“We work in order to have leisure,” says Aristotle. By this statement, he does not wish to undermine the importance of the workplace and of accomplishing great things there. All the practical necessities of our lives depend upon responsible people working hard to satisfy the basic needs of society: food, shelter, clothing, etc. Christianity confirms the moral relevance of such concerns by labeling them the corporal works of mercy and says that to help the widow, feed the orphan, etc., is Christianity pure and undefiled.
However, what Aristotle is insisting on—and it is good to be aware of it in today’s world with its tendency to view all things, even people, in a merely utilitarian way—is that there is a more important dimension to human life, a higher dimension compared to utilitarian and practical concerns. In what does this new level consist?
A first meaning, elaborated by Josef Pieper in his Leisure, the Basis of Culture, is the pursuit of truth as an end in itself, i.e., study or school. The Greek word for “leisure” goes back to a root meaning “school.” To study a topic simply for the sake of learning the truth about it is to study it “liberally,” i.e., free from any limiting perspective. To study a topic “practically” is to look at it from a particular useful slant. Both are good, but the first is more comprehensive, e.g., the way a pure researcher in a University laboratory might study an amoeba from multiple perspectives, compared to the way a researcher at Shell Oil studies that same amoeba, perhaps only interested in whether it eats oil slicks. Much of modern education is geared increasingly toward the practical, but Aristotle thinks pursuing truth for its own sake, especially in pursuit of wisdom (knowing how to live), is more important, a higher level of endeavor. This is the heart of genuine education and a great gift to be able to pursue.
A second meaning of leisure has to do with prayer or worship of God. This is indeed the beginning of the idea that there is something “higher” than everyday practical concerns (as important as those are). Every religious tradition has its sacred times and places wherein things are “reserved” for God rather than for practical gain. Christianity celebrates Sunday as such a day of rest from the utilitarian for the sake of something higher, Judaism Saturday, Islam Friday. Thus we are recalled to our depth, challenged not to forget the transcendent, not to forget God, in the midst of the everyday.
A third component of true leisure would be contemplative moments in life, e.g., gazing into the eyes of the girl you love for a half an hour—surely a “waste of time” from the point of view of mere practicality. Or, being touched by the beauty of a landscape, a painting, a sunset, a piece of music, etc., and pausing to let it fill you and lift you up. The attitude that work alone is “serious” would again discount the importance of such moments, but this would tragically limit man’s experience and truncate his happiness. It is the difference between a workaholic and the man who acknowledges the importance of his love relationships—to spouse, family, friends, etc., and recognizes just how deep and (joyfully) serious these relationships are.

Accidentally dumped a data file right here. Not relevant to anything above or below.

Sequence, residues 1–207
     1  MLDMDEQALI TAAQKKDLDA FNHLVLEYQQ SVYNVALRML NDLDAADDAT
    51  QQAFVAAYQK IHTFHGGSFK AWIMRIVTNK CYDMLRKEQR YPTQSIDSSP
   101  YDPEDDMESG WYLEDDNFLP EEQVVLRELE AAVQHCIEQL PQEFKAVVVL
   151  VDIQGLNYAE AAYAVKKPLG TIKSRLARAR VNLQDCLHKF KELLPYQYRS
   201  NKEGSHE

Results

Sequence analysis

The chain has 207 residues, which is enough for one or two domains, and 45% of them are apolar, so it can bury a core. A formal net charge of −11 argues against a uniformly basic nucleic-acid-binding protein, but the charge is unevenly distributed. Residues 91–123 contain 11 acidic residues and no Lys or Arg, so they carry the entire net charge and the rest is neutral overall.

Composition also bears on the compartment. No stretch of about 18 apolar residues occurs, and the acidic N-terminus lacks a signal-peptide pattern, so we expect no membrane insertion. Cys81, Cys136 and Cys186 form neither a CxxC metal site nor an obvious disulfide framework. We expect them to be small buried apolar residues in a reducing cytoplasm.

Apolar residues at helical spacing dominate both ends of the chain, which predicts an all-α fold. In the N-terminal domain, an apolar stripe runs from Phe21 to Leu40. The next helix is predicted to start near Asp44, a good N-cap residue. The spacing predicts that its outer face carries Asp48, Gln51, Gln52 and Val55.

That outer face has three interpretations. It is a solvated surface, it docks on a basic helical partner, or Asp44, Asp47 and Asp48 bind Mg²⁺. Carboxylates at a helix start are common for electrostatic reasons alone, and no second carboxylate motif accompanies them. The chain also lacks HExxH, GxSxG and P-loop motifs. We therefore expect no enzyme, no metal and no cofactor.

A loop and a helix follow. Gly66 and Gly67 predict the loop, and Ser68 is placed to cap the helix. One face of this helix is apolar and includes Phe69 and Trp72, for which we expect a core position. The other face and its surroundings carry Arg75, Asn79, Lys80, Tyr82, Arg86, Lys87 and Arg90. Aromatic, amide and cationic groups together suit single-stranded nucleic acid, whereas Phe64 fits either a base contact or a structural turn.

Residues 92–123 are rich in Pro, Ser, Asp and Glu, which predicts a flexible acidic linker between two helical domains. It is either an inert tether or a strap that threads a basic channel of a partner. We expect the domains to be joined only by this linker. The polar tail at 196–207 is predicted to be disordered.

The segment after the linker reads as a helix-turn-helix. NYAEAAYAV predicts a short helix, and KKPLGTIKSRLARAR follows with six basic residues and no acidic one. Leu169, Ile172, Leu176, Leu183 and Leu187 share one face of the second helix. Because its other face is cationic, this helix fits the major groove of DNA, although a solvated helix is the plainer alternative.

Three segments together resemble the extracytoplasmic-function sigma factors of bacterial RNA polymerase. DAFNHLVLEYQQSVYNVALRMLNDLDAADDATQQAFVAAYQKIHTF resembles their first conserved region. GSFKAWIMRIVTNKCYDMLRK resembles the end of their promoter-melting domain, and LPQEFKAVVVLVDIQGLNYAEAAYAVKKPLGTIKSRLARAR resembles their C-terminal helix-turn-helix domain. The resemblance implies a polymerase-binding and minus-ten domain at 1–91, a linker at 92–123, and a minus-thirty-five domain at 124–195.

A fourth meaning of leisure is simply the notion of play or genuine recreation—as an end in itself and not as merely a preparation for more work. Pieper notes that there is something joyful about “being” itself, a celebration aspect, in the fact that play is so important for us. It is absolutely essential for the development of children that they have “free,” creative playtime (not just rigidly structured by adults). St. Benedict, strict father of western monasticism whose motto is “to pray and to work,” nonetheless prescribes one hour of recreation each day wherein intense prayer and intense work are forbidden. Animals also “play” (think of dogs, otters, cats), which gives a further dimension to the joyfulness of existence in this world. It is not all toil and trouble. Naturally, we cannot let “playtime” so dominate our leisure that it impinges on worship, study, love, and beauty in our lives, but play is indeed necessary.
The danger in our society is that work alone is considered “serious,” and then intense, thrilling distraction is regarded as a “right” after putting in such hard days at work. But, if we reduce our lives to work-plus-distraction we impoverish our soul. There is no room for God, spouse, family, friends, love, beauty, peace, and recollection.
Unfortunately, this is the kind of world depicted in my earlier article “On the Unbearable Lightness of Sex on TV.” One is expected to have great virtues in the pursuit of one’s job, e.g., as a JAG, and NCIS agent, a CSI—be willing to sacrifice, make a commitment even unto death, be faithful, work hard, make whatever effort is required, etc., but none of these virtues are required in relation to God (who is rarely acknowledged), spouse (long-term, committed marriage is often depicted as an impossible dream, not worth the effort), or higher dimensions of one’s free time (drunkenness, strip joints, and porn are often casually accepted references in these shows—even the best of them).
This worldview is a threat to our happiness. The more we imbibe it—by osmosis if not by clear and conscious acceptance—from mass media, the more we will be frustrated and unfulfilled. Our lives must be anchored in and revolve around the higher things. “We work in order to have leisure.”